# Threeven Numbers

We spend too much time enthralled by even numbers. We can instantly tell if a number is even or odd and often have preferences in the matter. In grade school we memorize rules like

• An even plus an even is an even
• An odd plus an odd is an even
• An even plus an odd is and odd

And so forth to rules of multiplication. But this magical quality of numbers really just means evenly divisible by 2. What is so special about 2? Shouldn’t we just as well care if a number is divisible by 3?

So I am introducing threeven numbers as all numbers divisible by 3.

0, 3, 6, 9, 12, 15, …

are all threven numbers. But what about numbers that aren’t divisible by 3? Numbers that are not divisible 2 are called odd so I guess throdd?

There is, however, a slight problem. There seem to be more throdd numbers than threeven numbers.

1, 2, 4, 5, 7, 8, 10, 11, 13, 14, …

To solve that we need to think about what an odd number is. If an even number is some number n times 2 or 2n then odd numbers are 2n + 1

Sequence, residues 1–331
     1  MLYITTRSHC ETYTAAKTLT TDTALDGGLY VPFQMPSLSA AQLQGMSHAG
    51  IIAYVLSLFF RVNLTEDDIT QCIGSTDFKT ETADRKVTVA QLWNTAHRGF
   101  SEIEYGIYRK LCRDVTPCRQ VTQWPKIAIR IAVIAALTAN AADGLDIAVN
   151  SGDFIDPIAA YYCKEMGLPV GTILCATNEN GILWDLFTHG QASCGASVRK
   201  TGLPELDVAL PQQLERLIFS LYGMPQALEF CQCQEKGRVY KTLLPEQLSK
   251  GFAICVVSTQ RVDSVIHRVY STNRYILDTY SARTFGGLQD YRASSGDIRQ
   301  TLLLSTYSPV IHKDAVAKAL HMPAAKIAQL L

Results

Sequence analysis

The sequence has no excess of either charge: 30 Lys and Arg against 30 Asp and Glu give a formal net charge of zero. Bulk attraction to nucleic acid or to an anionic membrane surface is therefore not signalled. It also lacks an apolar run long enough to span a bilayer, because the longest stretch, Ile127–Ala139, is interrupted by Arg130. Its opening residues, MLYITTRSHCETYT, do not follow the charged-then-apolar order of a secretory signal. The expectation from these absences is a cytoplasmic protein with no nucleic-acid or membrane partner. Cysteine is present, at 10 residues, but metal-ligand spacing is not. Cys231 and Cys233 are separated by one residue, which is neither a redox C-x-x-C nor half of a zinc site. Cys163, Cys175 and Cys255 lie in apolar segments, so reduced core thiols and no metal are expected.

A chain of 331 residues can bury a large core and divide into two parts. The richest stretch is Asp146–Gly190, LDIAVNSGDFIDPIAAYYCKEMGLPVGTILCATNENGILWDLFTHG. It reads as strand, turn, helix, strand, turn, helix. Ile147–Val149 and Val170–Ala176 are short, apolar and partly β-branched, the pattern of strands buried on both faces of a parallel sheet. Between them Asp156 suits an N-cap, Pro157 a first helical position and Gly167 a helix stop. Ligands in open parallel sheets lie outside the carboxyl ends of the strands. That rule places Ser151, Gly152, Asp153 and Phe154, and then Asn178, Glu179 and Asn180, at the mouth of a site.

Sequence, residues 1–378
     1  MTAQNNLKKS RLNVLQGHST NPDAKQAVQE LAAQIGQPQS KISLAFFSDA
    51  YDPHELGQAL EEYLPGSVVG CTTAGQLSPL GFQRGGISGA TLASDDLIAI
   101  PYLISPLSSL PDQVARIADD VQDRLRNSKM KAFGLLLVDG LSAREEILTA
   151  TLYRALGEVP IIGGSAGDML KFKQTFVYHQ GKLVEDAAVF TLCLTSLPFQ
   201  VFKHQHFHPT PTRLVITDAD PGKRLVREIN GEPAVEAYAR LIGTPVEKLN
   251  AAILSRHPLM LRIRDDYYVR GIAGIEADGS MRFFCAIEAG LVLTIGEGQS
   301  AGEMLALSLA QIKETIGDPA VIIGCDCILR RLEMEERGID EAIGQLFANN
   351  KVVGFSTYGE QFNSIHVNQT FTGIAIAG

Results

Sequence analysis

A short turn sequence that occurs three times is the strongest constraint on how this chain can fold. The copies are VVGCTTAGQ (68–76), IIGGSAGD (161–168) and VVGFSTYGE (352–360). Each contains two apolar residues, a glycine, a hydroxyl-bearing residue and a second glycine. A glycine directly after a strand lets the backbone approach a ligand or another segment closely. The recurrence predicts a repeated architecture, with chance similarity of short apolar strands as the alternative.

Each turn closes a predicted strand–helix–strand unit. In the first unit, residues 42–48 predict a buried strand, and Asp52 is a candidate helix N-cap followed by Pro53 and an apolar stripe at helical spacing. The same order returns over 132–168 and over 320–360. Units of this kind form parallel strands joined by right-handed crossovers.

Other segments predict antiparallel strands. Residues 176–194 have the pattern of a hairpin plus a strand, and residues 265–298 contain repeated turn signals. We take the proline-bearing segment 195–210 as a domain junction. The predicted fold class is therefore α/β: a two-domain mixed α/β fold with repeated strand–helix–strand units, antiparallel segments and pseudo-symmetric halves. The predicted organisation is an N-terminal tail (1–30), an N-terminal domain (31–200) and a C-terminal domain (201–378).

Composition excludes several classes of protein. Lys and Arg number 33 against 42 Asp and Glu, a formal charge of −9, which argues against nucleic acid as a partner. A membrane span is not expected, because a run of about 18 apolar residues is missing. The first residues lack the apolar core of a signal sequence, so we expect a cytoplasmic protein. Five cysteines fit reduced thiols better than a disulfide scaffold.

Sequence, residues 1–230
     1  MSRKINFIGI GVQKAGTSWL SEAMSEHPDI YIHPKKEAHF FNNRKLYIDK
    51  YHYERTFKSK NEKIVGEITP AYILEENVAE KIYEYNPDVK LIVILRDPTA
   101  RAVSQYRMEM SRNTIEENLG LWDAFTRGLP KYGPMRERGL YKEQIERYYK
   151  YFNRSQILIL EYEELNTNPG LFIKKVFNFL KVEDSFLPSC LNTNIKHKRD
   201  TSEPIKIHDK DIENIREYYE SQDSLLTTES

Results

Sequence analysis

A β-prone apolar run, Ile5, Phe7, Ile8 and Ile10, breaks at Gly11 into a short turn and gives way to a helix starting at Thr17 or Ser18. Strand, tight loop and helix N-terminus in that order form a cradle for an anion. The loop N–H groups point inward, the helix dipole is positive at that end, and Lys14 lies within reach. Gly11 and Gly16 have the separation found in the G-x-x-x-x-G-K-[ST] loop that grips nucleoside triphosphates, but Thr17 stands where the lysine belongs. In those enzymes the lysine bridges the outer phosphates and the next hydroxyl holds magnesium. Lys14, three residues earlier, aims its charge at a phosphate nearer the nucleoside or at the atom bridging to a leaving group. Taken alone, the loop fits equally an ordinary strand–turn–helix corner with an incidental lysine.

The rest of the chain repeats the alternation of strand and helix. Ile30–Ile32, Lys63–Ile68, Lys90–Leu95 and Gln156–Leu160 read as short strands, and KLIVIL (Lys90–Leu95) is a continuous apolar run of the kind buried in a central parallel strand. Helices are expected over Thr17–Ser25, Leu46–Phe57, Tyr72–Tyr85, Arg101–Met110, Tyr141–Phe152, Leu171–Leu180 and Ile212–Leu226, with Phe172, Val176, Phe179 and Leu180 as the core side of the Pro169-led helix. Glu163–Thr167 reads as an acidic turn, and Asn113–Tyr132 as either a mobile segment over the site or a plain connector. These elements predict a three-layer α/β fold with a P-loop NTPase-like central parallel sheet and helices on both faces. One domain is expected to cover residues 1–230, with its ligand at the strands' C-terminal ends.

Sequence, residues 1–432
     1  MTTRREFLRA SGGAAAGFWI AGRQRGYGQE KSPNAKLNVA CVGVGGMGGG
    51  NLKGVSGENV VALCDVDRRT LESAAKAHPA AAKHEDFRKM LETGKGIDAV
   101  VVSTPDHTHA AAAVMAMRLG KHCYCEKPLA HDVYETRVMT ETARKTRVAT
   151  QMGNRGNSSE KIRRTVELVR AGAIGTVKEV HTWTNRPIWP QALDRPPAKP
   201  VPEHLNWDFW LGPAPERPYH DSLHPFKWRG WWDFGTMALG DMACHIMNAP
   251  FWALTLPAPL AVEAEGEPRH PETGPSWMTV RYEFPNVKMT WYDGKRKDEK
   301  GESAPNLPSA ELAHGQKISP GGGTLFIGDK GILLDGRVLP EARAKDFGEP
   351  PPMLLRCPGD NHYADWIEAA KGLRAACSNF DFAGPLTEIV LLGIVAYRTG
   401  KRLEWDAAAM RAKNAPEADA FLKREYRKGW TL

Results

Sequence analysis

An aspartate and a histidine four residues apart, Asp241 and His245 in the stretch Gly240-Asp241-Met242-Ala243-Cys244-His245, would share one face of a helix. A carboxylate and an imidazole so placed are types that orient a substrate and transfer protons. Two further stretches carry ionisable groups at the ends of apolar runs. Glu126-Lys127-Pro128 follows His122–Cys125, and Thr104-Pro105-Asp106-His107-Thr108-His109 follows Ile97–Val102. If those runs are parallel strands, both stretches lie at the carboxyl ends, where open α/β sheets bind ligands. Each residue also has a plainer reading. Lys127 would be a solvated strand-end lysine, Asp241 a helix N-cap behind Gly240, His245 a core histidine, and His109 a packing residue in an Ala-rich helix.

This gives a nice way to think about threeven numbers as well. Every threeven is 3n and a throdd is 3n + 1 and we need to introduce throdder numbers as 3n + 2. There isn’t any reason that there should only be two types of numbers. So instead of numbers that are divisible by 2 and numbers that aren’t, we have numbers that are divisible by 3, numbers that are 1 greater than a multiple of three and numbers that are 2 greater than a multiple of three.

To recap

• Threeven = 3n
• Throdd = 3n + 1
• Throdder = 3n + 2

Now for handy rules of thumb.

• A threeven plus a threeven is a threeven
• A threeven plus a throdd is a throdd
• A threeven plus a throdder is a throdder
• A throdd plus a throdd is a throdder
• A throdd plus a throdder is a threeven
• A throdder plus a throdder is a throdd

And, for multiplication

• A threeven times a threeven is a threeven
• A threeven times a throdd is a threeven
• A threeven times a throdder is a threeven
• A throdd times a throdd is a throdd
• A throdd times a throdder is a throdder
• A throdder times a throdder is a throdd

Note: it appears that I am not the first to have discovered threeven numbers. And no you are stuck knowing about them as well.